In an ongoing effort to tackle extremism within military ranks, the Pentagon is putting forward a clearer, sharper definition of extremist behavior, updating the older guidance that was considered too vague on what was and was not allowed.
The results of the Countering Extremism Working Group, including a report on extremism within the Defense Department, come nearly a year after the January 6 insurrection at the US Capitol thrust the issue of extremism within the military to the forefront.
Like the previous rules, the new guidance doesn’t prohibit membership in an extremist organization, but officials said it makes it very difficult to participate.
“Any way that someone could sort of actively become a member of an extremist organization, we’ve accounted for them,” one senior defense official said. “We don’t think there is a way to be a member of an extremist organization in any meaningful way.”
Senior defense officials who briefed reporters Monday said the new guidance also provides a two-part test to determine whether something is prohibited extremist activity. The first question is whether the conduct itself rises to the level of extremist activity, while the second assesses whether there was active participation, the officials said.
The new definitions and guidance do not prohibit additional behavior – what was allowed yesterday is allowed today. Instead, it will offer a more precise definition of extremist activity.
“This was a clarification, as opposed to widening the aperture of what would be considered prohibited extremist activity,” said one official.
The guidance does not prohibit specific extremist groups or organizations.
“We were very conscious of not focusing on any particular ideology or any political organization, but focusing exclusively on actions,” said one official.
For years, the Defense Department relied on a nebulous definition of extremist activity that listed it among a wide array of prohibited behavior. A military document, most recently updated in 2012, said service members cannot “actively advocate” extremist ideology or causes, and they must “reject active participation” in such organizations.
But the prohibition on active advocacy and participation left a wide margin of allowable activity and was open to interpretation. For example, service members could be members of extremist organizations, just as long as they didn’t take part in extremist activities. It also offered no clear guidance on an enforcement mechanism or instructions for commanders.
This new guidance aims to fix that.
The officials said they counted approximately 100 cases of extremism within military ranks in 2021, with each of the services having “low double digits.” The total represents an increase, the officials said, but it was unclear whether that was a result of better awareness within the military or the signs of the spread of extremism within the services.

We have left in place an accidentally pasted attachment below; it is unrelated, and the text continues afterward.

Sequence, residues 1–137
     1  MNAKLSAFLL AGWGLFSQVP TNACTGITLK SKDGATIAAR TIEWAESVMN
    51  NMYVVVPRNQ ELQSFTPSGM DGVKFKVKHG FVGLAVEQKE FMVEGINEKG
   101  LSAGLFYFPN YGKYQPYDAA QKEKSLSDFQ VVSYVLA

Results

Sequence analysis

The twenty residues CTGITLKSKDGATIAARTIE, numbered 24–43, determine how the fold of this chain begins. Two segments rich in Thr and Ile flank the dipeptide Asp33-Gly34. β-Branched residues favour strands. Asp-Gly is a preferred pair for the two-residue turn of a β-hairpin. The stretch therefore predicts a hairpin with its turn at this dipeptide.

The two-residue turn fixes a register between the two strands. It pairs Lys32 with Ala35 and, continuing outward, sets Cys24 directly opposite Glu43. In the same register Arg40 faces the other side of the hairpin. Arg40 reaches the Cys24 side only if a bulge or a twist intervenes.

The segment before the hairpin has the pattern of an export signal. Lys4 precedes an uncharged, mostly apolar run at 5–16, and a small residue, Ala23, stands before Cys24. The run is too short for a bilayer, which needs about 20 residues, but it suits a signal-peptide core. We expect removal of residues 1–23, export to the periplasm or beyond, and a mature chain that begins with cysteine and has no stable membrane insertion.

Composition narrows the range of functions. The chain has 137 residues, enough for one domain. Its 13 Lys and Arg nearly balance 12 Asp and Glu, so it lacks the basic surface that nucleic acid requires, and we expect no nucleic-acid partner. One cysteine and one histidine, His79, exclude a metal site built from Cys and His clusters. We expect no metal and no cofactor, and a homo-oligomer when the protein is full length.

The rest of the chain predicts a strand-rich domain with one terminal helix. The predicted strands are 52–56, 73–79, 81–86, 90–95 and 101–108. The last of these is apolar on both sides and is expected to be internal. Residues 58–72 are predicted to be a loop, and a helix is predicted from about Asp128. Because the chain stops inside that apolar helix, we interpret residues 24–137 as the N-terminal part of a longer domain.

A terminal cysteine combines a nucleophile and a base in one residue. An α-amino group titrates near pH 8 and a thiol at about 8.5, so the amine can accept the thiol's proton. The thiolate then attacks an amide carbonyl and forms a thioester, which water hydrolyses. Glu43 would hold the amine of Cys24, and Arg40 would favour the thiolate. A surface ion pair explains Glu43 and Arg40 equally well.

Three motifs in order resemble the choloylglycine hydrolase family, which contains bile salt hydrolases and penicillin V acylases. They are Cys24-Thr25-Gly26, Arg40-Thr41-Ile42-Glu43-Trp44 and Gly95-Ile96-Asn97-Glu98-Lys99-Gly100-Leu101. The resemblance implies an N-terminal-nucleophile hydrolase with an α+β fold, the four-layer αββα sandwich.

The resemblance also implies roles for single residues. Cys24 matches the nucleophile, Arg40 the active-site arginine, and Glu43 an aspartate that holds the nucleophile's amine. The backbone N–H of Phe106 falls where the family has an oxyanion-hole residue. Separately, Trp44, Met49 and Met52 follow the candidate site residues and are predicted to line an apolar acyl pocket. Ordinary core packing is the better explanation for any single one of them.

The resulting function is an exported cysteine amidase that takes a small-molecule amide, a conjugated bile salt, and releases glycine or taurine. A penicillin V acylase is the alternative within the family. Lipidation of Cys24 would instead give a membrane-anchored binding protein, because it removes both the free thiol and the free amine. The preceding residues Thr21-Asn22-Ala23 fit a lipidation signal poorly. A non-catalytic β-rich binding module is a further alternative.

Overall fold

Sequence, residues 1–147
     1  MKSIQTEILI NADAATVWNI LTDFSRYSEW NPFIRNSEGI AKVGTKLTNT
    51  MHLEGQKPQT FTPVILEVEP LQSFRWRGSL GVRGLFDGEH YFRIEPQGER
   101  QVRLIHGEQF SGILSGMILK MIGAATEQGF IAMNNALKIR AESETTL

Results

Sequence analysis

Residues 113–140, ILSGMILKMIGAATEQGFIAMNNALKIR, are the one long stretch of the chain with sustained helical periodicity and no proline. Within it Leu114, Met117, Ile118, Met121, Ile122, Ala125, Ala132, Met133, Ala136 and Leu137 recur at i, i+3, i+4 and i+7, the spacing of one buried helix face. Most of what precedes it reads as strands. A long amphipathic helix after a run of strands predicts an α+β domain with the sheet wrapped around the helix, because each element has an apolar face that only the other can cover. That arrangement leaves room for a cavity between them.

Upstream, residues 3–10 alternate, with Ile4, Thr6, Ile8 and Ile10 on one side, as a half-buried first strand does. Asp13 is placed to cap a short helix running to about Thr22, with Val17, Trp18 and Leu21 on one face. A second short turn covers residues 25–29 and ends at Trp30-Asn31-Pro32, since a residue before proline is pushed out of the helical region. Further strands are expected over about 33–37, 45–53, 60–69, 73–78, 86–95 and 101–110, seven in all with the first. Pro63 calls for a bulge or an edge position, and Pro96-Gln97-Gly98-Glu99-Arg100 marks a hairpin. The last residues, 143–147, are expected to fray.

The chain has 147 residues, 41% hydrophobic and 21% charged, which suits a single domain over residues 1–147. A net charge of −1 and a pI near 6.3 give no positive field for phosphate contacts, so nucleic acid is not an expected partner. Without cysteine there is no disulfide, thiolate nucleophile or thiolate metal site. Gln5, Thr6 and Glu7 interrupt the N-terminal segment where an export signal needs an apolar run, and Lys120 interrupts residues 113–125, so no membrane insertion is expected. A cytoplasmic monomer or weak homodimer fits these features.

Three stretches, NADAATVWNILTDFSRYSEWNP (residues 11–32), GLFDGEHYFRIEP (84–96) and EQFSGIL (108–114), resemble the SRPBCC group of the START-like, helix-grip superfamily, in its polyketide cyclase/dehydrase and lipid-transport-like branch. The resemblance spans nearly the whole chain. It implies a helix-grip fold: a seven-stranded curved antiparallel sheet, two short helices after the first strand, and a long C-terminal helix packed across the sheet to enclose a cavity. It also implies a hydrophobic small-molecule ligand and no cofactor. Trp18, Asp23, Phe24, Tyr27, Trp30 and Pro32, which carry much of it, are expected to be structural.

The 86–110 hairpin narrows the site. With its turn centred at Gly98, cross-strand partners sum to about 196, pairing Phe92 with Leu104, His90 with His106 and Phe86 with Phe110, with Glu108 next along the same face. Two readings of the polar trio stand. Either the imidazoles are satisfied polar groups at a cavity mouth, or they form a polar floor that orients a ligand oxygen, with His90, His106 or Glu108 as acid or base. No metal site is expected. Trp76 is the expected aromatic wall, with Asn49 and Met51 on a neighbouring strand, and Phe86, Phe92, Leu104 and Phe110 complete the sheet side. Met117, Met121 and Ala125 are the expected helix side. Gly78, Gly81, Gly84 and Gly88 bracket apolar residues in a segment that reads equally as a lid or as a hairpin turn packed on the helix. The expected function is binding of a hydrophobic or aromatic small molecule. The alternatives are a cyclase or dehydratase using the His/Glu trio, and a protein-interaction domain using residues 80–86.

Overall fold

One official noted that the rise of domestic violent extremism across the country may be a warning sign of a potential rise within the Defense Department in the coming years.
Pentagon press secretary John Kirby told reporters on Monday the new guidance “preserves a service member’s right of expression to the extent possible, while also balancing the need for good order and discipline.”
Extremism has been one of the top priorities at the Pentagon since Defense Secretary Lloyd Austin was sworn in, especially after the January 6 riot. At least 74 current or former US military service members have been charged in the attack on the US Capitol, according to CNN’s analysis of Pentagon records and court filings.
In early February, Austin ordered a military-wide pause and review of extremism policies across the services, designed for commanders to talk to their troops about extremism and to get a sense of how widespread extremism is. Austin also instructed the services to improve their screening of new recruits and better train those leaving the military.
Crucially, the Pentagon also sought a sharper definition of extremism and extremist activity.
“The secretary heard from personnel across the force about the need to update and clarify this policy during the standdowns that he directed earlier this year,” Kirby said Monday. “That was one of the common bits of feedback that we got, was that they wanted more clarity. And so we tried to do that with this new instruction.”
For the first time, the new directive also covers social media.
“It basically clarifies that service members are responsible for the contents that they publish on all personal and public internet domains, including social media sites, blogs, and websites,” said one official.
Now, liking or sharing a post that promotes extremist activity could be prohibited.
“Liking something with the intent to promote or endorse would be in violation of the policy,” said one official. “There has to be a knowing element to it, so there has to be an amplification of the message.”
The military won’t actively screen service members’ social media accounts, but if there is an investigation into an extremist incident, social media posts may become part of that investigation, the officials said.
The officials who worked on the final report from the Countering Extremism Working Group were fully aware of the challenge of focusing on extremist activity, which can be prohibited, instead of extremist beliefs, which are constitutionally protected under the First Amendment.
“It’s threading a very fine needle when we’re engaging in prohibiting conduct that may be protected by the First Amendment,” said one official. “There’s always going to be this balancing that goes on.”
This story has been updated with comments from Pentagon press secretary John Kirby on Monday.
CNN’s Michael Conte and Etolia Stinson contribtued to this report.